That’s No Moon… It’s A Supermoon!

On March 19, 2011 when the Moon loomed to its closest approach to Earth in almost 20 years, the usual gang of doomsayers spewed forth apocalyptic predictions while seeking to link the Extreme Supermoon event with recent natural disasters in New Zealand and Japan. While science has shown the Chicken Little’s laid a colossal egg, at least we were given a plethora of marvelous moon photos to swoon over.

Moon River, Wider than a Mile

(image via: Global Times)

With apologies to Johnny Mercer and Andy Williams, the March 19, 2011 extreme supermoon looked more than a mile wider than the average moon and actually WAS miles closer. Though the moon’s distance from the Earth (measured center to center) varies between 357,000 kilometers (222,000 mi) at perigee and 406,000 km (252,000 mi) at apogee due to the elliptic nature of the lunar orbit, the March 19 event saw our solitary satellite snuggle up to within a mere 356,577 km (221,572 mi). Since the average lunar perigee is 364,397 km (226,432 mi), on March 19 the moon was about 7,820 km (4,860 mi) closer to the earth. Above is the March 19 supermoon rising behind Berlin’s Funkturm radio and television tower.

(images via: Say To All and Ajorbahman’s Collection)

It gets even better. Supermoons are most notable when they occur at what astronomers call “perigee-syzygy”: a full or new moon that coincides with lunar perigee. While this in itself isn’t all that special (run of the mill supermoons occur 4 to 6 times a year), so-called “extreme supermoons” like this year’s one looming over Sofia, Bulgaria (above, top) are a different story.

(images via: Say To All, Global Times and Jano)

There have been 14 extreme supermoons since 1900 with the most recent occurring in 2005, 1993, 1992, 1990, 1975, 1974, 1972 and 1954. We can look forward to enjoying (weather permitting) future extreme supermoons in 2016, 2018, 2023, 2034 and 2036… so save the date, we’re brewin’ up some moonshine!

Here’s a short video primer on supermoons and supermoon-mania by some folks who know a thing or two about the moon… NASA:

ScienceCasts: Super Moon, via ScienceAtNASA

(image via: Wikipedia)

Numbers are all well and good but are these differences in distance actually noticeable from our Earthly vantage point? Indeed they are. The average full moon at perigee appears around 12 percent larger than an average non-perigee full moon. Supermoons, even more so. The difference is even greater for extreme supermoons such as the March 19, 2011 event as shown in the comparison split-screen image above. It’s estimated that the moon appeared 14 percent larger and was 30 percent brighter!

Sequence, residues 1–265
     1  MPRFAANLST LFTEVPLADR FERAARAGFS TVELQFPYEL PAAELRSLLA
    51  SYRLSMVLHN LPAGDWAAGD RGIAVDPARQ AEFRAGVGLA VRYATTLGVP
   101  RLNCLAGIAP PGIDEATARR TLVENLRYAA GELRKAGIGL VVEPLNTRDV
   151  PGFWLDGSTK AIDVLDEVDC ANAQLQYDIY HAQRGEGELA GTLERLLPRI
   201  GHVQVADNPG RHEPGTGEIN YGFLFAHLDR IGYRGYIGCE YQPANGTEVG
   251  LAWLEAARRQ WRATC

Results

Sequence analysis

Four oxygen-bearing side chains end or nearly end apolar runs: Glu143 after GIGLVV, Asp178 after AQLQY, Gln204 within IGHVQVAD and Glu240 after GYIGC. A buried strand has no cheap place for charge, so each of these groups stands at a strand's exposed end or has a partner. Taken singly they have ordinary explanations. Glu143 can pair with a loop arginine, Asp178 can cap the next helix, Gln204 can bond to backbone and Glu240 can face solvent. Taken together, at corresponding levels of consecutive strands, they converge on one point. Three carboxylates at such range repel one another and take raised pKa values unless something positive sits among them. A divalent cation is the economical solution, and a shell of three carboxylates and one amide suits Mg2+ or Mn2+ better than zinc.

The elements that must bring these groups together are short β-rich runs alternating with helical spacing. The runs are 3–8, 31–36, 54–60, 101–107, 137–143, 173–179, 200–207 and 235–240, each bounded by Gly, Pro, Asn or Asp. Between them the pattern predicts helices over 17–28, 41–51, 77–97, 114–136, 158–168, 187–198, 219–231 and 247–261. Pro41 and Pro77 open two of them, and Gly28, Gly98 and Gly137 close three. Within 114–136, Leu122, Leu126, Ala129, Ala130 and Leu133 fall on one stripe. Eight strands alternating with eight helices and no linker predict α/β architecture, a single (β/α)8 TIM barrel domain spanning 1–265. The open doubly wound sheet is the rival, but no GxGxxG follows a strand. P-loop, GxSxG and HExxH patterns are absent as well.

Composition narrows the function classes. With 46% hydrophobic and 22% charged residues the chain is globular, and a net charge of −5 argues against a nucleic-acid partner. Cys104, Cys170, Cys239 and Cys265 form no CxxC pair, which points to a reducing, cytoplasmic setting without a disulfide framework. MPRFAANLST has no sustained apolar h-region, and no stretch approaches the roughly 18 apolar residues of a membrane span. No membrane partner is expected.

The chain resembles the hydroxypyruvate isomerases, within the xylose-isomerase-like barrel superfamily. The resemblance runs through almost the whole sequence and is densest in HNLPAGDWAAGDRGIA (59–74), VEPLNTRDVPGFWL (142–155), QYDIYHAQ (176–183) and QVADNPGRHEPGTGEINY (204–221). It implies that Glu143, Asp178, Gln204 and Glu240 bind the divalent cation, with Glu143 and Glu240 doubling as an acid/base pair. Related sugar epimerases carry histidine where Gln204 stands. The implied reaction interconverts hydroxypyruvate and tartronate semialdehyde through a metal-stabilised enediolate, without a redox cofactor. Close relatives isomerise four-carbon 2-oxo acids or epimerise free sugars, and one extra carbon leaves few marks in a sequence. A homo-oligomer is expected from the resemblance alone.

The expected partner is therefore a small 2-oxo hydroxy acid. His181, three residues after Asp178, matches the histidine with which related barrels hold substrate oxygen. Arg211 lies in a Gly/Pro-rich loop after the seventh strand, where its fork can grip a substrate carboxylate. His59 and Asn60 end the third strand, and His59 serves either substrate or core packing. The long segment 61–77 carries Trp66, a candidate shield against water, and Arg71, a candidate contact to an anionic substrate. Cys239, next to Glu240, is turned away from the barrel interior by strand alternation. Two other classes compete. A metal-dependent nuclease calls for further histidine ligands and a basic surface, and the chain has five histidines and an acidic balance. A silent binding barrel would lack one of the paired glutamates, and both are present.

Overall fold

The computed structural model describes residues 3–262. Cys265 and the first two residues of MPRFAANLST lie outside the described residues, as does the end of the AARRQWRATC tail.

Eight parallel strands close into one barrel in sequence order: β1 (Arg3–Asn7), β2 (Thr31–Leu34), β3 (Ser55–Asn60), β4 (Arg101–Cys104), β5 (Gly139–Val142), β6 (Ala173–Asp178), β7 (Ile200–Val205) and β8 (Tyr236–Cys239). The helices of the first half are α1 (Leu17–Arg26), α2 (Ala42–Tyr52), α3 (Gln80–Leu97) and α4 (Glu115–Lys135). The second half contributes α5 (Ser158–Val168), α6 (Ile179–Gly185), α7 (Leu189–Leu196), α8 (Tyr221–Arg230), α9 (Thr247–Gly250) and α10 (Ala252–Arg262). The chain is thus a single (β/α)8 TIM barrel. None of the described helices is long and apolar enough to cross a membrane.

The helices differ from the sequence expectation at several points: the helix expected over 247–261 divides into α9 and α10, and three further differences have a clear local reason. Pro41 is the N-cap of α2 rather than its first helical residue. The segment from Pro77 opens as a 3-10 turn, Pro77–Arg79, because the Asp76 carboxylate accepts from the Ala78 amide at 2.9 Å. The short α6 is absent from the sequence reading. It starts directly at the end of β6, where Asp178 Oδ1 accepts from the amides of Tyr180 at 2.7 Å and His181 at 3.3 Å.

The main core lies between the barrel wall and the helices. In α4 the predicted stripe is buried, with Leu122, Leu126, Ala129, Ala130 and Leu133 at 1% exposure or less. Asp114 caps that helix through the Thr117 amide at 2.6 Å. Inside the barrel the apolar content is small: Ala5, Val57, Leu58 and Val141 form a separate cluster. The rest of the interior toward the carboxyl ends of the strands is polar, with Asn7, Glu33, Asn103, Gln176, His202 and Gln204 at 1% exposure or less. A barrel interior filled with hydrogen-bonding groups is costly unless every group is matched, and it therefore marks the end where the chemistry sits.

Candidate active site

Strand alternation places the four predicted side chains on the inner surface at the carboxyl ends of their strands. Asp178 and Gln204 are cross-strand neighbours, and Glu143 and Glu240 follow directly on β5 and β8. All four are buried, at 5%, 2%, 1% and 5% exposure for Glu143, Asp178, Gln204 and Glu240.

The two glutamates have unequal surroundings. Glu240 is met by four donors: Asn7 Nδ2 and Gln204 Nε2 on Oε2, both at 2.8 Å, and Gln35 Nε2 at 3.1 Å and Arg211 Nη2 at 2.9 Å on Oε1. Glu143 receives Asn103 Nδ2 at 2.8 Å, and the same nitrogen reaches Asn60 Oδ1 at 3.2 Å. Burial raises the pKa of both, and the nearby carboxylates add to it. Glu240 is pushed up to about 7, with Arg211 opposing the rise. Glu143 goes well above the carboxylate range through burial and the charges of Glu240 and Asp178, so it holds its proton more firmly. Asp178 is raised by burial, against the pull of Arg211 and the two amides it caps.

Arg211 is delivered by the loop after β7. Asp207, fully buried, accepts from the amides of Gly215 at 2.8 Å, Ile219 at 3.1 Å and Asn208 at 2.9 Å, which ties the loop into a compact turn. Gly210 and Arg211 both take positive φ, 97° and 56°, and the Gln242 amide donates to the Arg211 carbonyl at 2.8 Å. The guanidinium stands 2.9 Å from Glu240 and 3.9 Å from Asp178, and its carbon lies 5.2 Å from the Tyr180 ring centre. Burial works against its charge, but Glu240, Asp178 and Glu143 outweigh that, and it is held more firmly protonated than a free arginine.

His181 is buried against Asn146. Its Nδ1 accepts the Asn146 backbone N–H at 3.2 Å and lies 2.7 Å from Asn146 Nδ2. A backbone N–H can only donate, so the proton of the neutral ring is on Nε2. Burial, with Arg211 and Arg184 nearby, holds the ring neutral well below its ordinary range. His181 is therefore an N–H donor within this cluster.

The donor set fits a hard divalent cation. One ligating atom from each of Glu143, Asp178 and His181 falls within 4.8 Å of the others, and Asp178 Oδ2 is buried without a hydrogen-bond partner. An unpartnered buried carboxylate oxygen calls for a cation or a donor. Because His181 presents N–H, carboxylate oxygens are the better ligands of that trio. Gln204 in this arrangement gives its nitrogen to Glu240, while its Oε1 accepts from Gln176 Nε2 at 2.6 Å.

The Tides That Bind

(images via: Daily News Global, Frugal Cafe and Ajorbahman’s Collection))

For those of us on Earth (basically ALL of us, ISS-crew excepted), the moon’s gravitational force is most evident in the way it influences the tides. One might expect an extreme supermoon to induce some extreme tides, and indeed that’s the case though “extreme” is a relative term; up to 15 cm (6 in) depending on local conditions.

(images via: Celestia Screenshots Gallery, BBC and Will Barnes Online)

Tidal forces also affect land masses though not enough to be noticeable. That’s not the case on some of the solar system’s other heavenly bodies, specifically the moons which orbit large gas giant planets. These moons heat up from the constant stress and stretching; Jupiter’s moon Io is a leading example. Other moons affected by tidal forces are Enceladus (Saturn) and Triton (Neptune).

(images via: Gaia Souls, Free PSP Movies Portal and National Geographic)